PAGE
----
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WINNIPEG, Manitoba (Reuters) - The Canadian Wheat Board said on Wednesday it will launch legal action to stop the Conservative government from ending the CWB's generations-old grain marketing monopoly, though a politician who supports the board's fight says it has little chance of succeeding.
Agriculture Minister Gerry Ritz said however that the challenge could set back efforts to revamp the Wheat Board to compete effectively for crops next year in an open market.
The board is filing the suit because the government is moving to create the open market system without holding a farmer vote on the issue, as current legislation requires, CWB chairman Allen Oberg said.
The government is instead seeking to replace the legislation.
"Governments can either obey the law, they can change the law, but the can't ignore the law, and that's what's happened here," Oberg said at a news conference on a Manitoba farm.
Ottawa aims to pass legislation by the end of 2011 to terminate the Wheat Board's monopoly on marketing Western Canadian wheat and barley for milling or export as of August 1, 2012. The change would allow farmers to sell those crops directly to grain handlers.
Canada is the world's biggest exporter of spring wheat, durum and malting barley.
The Wheat Board's legal action is baseless, Ritz told reporters. The current legislation only requires a farmer vote on changing the commodities that they sell under the CWB monopoly, not the existence of the monopoly itself, he said.
Ritz said he has no intention of delaying the open market's implementation date, but said the longer the delays last in court, the less chance the board has of adapting successfully to the open market.
"This is probably part of the scorched earth policy of the eight directors" who support the monopoly, Ritz said.
One of the opposition politicians fighting the bill said on Wednesday that legal challenges are likely to fail.
"It's kind of like a faint-hope clause for an inmate on death row," New Democratic Party legislator Pat Martin said in an interview, noting that Parliament has the right to overturn legislation put in place by a previous government.
"Our legal opinions have it that it's a very remote possibility that a court challenge would succeed because you're challenging one of the fundamental tenets of parliamentary democracy."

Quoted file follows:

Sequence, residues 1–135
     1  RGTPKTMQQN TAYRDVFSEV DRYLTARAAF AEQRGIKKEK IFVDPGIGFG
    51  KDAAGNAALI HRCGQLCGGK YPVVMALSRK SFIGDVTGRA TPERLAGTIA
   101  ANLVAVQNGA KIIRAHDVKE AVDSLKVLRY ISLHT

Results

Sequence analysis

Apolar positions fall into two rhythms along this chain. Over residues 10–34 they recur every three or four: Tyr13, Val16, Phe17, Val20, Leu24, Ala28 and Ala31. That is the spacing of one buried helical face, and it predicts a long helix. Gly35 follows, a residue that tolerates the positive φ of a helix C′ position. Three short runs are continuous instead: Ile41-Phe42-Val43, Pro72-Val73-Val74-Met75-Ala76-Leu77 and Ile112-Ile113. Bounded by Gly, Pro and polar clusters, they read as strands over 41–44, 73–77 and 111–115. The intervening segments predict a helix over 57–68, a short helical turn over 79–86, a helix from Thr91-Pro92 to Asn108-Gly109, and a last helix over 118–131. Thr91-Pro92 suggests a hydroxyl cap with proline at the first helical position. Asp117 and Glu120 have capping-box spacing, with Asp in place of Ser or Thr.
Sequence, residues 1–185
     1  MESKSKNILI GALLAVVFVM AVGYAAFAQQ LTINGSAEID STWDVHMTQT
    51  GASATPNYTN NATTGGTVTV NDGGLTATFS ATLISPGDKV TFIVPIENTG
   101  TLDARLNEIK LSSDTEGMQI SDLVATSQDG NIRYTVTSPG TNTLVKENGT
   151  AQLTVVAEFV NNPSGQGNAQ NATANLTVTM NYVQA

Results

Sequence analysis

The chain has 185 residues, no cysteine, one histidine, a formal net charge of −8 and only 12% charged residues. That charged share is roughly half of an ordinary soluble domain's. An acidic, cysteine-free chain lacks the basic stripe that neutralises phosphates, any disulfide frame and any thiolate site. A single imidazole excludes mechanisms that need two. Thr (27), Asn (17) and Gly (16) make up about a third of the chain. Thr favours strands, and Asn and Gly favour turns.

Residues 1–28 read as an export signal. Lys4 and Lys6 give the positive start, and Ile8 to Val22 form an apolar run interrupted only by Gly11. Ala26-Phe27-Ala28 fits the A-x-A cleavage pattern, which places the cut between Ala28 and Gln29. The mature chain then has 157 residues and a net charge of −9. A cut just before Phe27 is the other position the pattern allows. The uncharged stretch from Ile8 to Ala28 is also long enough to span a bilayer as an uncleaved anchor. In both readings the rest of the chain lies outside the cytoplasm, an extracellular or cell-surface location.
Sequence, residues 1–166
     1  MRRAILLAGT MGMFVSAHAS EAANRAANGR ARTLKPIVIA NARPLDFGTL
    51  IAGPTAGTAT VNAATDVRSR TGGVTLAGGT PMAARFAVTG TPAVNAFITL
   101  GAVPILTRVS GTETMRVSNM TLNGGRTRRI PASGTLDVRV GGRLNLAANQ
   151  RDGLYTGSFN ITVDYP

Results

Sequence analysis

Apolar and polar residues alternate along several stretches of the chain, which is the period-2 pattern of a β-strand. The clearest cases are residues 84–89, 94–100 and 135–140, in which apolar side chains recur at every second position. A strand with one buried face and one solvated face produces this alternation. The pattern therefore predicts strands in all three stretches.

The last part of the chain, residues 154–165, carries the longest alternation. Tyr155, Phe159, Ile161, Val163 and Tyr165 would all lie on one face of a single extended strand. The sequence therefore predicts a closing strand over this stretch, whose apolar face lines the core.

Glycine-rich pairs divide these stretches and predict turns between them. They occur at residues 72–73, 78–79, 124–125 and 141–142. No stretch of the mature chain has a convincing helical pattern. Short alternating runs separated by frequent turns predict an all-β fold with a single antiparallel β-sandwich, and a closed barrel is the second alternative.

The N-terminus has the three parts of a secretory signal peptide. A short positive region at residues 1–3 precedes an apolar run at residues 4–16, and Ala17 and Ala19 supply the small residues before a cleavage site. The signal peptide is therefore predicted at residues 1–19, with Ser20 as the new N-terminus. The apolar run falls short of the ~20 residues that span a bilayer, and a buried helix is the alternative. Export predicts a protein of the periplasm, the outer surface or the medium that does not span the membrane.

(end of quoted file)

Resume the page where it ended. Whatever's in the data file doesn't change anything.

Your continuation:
The move has further split the CWB's ranks over the monopoly issue, with one of the board's farmer-elected directors resigning on Wednesday over the decision to launch a court fight.
"The CWB's decision this week to launch a legal challenge ... when it is clear to everyone that it will not change the outcome and would not change the timing of the government action, is simply wrong," wrote Henry Vos, an Alberta farmer who has long supported a move to an open market.
A group called Friends of the Canadian Wheat Board is already taking the government to court, saying the plan to end the marketing monopoly is illegal.
Opposition parties are also attempting to disqualify some Conservative legislators from voting on the bill under conflict of interest rules. Legislators who are farmers or work in the agriculture industry have a vested interest in the legislation, Martin said.
"Even though it's a faint hope as well, that's probably our best hope," Martin said.
Once the Conservative government uses its political majority to pass the legislation, it will remove the remaining farmer-elected directors, who mostly oppose the move to an open market, leaving the CWB under the control of government appointees.
Ottawa would then shrink the organization and the CWB would become a voluntary option for farmers to market their grain.
The revamped board will get some short-term government support, but it will not get start-up capital from government or regulated access to country elevators or port space.
"They will exist in some form for five years, but after that the probability of survival is very, very low," said Richard Gray, a professor of agricultural economics at University of Saskatchewan.
But Mayo Schmidt, CEO of the biggest Canadian grain handler, Viterra Inc, said last week that he thinks the board can thrive as a voluntary entity in an open market.
Reporting by Rod Nickel; editing by Peter Galloway and Rob Wilson